Massachusetts Tenant’s Action to Fix Bad Housing Conditions Leads to Eviction: What We Can Learn from the SJC’s Ruling

By: Nedhi Teixeira

MLPB Law & Policy Consultant

April 13, 2023

Poor housing conditions lead to poor health conditions 

Imagine going to court to seek help for a pest infestation in your apartment and realizing you are being evicted instead! Unfortunately, the Massachusetts Supreme Judicial Court – the highest court in Massachusetts – has recently determined that this is possible. The evidence is clear that housing and health go hand in hand – poor housing conditions lead to poor health. Massachusetts has a Sanitary Code to provide regulations for safe and habitable housing and Housing Courts are invested with the power to ensure that landlords comply with that code. However, it can be challenging for tenants to enforce their rights to healthy housing.  

What happened in the case of Jason Dacey v. Sandy Burgess 

Jason Dacey, a disabled single parent of three children who suffered from depression and bi-polar disorder, lived in an apartment in Haverhill, MA where he encountered an issue with bedbugs. When his landlord failed to address the problem, he sought relief from the Northeast Housing Court. Usually, tenants go to court as a last resort to get an order to force the landlord to fix the conditions. The process requires the tenant to file a civil complaint requesting an injunction – an order telling the landlord they must fix the bad condition immediately. At court, Dacey and his landlord’s attorney entered into mediation, a regularly utilized process in the Housing Courts to resolve landlord tenant disputes before a trial. At that time, Dacey did not have an attorney, while his landlord was represented by counsel. Mediation concluded with an agreement between Dacey and his landlord stipulating, among other things, that Dacey would move out of the apartment by a specific date. Rather than getting the Housing Court to issue a judgment ordering the landlord to make repairs, he instead left with an order requiring him to leave his apartment.  

Dacey appealed the Northeast Housing Court’s judgment, and the Massachusetts Supreme Judicial Court heard the case. Before the decision in Dacey, landlords have been required to file a specific petition called a “summary process” case to seek to evict their tenant. The summary process statute requires that a court issue an execution – a document ordering the tenant to leave the premises – prior to a tenant being evicted. The SJC had to decide if Dacey could still be evicted in these specific circumstances through a housing court mediation process that occurred not in the context of a summary process proceeding, but in a Civil Relief injunction action filed by the tenant.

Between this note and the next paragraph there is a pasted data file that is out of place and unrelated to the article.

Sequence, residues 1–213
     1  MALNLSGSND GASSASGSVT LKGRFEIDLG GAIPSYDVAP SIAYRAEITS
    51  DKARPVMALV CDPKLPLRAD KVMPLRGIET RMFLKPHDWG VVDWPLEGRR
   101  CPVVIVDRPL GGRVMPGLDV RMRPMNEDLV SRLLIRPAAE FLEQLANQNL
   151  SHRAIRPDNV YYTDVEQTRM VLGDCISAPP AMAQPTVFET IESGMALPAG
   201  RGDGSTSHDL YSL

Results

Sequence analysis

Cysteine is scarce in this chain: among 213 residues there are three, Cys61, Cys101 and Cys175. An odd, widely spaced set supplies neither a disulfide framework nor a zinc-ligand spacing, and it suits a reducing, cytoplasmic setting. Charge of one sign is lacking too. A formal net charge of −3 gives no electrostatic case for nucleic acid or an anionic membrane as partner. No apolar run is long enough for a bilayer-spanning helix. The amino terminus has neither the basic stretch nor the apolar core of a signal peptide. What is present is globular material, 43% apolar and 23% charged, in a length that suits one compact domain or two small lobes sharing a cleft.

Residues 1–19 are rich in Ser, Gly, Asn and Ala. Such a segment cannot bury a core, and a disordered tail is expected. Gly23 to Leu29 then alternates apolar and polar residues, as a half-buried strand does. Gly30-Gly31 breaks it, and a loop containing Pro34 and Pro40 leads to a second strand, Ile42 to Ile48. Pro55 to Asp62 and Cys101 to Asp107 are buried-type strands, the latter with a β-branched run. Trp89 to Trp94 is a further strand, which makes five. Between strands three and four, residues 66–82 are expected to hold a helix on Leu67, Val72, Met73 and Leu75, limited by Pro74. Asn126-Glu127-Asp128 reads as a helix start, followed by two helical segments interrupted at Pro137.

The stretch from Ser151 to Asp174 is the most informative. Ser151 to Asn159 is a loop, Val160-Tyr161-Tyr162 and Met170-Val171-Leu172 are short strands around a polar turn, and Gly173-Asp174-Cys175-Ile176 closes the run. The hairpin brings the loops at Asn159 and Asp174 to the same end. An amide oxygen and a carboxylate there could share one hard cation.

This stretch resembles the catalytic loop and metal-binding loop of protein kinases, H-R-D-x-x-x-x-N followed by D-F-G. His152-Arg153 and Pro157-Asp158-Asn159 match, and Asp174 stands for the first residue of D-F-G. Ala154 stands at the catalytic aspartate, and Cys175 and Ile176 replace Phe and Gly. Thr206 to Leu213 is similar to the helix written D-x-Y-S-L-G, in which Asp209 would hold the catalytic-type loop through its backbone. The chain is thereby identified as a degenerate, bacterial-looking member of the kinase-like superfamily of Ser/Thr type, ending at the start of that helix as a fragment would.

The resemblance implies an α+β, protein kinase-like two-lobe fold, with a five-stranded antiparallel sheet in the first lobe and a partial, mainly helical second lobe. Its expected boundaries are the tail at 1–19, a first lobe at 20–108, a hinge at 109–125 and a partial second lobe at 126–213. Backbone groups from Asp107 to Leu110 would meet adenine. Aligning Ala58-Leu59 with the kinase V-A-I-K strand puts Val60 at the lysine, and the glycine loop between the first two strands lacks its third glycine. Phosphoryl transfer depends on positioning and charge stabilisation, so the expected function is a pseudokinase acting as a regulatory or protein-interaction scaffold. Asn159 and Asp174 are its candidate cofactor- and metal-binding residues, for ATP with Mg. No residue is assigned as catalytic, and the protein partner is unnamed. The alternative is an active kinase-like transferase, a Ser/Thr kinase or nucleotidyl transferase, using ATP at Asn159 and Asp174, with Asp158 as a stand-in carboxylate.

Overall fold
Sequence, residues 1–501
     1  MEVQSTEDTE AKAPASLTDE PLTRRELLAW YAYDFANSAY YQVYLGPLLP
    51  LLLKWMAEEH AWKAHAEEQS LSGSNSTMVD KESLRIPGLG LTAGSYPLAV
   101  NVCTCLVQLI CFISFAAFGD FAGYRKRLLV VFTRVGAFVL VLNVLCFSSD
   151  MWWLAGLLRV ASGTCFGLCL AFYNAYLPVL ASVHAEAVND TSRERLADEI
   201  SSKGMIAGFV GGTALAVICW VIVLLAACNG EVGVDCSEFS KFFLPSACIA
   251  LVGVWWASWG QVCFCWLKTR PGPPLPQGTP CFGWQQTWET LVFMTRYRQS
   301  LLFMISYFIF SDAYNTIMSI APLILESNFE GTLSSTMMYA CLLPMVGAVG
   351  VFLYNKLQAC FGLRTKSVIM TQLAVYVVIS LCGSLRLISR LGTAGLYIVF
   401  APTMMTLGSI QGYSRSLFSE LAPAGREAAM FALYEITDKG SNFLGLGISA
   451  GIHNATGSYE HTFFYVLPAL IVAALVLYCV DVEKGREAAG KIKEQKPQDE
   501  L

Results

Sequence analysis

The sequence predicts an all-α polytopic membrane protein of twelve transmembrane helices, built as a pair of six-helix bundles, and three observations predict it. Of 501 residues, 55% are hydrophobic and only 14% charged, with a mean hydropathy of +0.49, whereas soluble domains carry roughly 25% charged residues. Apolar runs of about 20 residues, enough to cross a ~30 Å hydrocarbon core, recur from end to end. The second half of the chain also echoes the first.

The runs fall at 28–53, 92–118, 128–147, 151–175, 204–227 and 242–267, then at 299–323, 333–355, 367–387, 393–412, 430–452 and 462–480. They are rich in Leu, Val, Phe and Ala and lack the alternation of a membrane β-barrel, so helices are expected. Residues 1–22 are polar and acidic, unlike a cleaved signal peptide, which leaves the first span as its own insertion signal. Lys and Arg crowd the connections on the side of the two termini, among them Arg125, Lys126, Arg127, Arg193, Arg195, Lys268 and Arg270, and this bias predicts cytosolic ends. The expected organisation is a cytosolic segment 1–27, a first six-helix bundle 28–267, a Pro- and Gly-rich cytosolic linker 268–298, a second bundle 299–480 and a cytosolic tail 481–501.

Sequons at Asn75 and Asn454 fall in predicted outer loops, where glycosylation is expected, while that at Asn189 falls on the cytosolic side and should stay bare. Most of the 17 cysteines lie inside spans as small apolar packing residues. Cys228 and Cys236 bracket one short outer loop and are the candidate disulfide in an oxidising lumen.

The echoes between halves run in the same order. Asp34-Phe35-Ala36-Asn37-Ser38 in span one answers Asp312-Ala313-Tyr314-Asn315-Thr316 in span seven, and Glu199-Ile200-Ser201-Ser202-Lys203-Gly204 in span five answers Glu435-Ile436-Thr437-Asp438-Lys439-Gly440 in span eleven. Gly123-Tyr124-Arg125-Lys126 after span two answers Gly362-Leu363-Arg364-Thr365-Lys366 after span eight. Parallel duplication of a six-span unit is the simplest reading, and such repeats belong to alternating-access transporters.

Health equity considerations for the Commonwealth 

MLPB submitted an Amicus letter to the Supreme Judicial Court in support of Dacey outlining the health impacts of this case on the Commonwealth’s renter population. MLPB highlighted that this case exemplifies the power dynamic in eviction cases where a majority of landlords are represented by attorneys while most tenants are not, and it reinforces the choice tenants facing poor housing conditions are forced to make when the systems in place to help them fail – to remain in unhealthy housing or to be homeless. These circumstances are even more greatly felt by communities of color and low-income households – data shows that exposure to poor housing conditions and evictions disproportionately impact communities of color. While problems with occupied units – the oldest housing stock in the nation – exist across the Commonwealth, the response of certain inspectional services departments can be slow to rectify the issues.  

What we can learn from the Dacey case 

Sadly, on February 16, 2023, the SJC issued an order agreeing with the Northeast Housing Court’s decision to enforce the agreement Dacey and his landlord entered, and to ultimately evict Dacey. In that order they also stated that Dacey did not provide evidence that he properly alerted the court of his disability, which would reflect his inability to enter into the agreement. The SJC further clarified that the courts must provide a reasonable accommodation to an individual entering into an agreement who has a disability effecting their capacity to enter that agreement but only when the individual properly alerts the court (with medical evidence) – resulting in the net decision adding to the burdens of tenants seeking relief in Massachusetts courts. 

Although Dacey did not receive the outcome he expected, this decision provides some important takeaways for tenants and tenant’s advocates in Massachusetts: 

  • In Massachusetts courts, it is possible to receive an outcome of eviction in an action requesting the court to order landlord to fix bad conditions. 
  • Tenants should always read and review agreements carefully before signing and agreeing to any terms.  
  • Tenants can consult with an attorney before signing any agreements. They have a right to seek counsel at any point in the mediation or court process.  
  • If a tenant has a disability which impacts their ability to enter into an agreement at any time, they should unequivocally alert the court during the proceedings with presentation of medical evidence.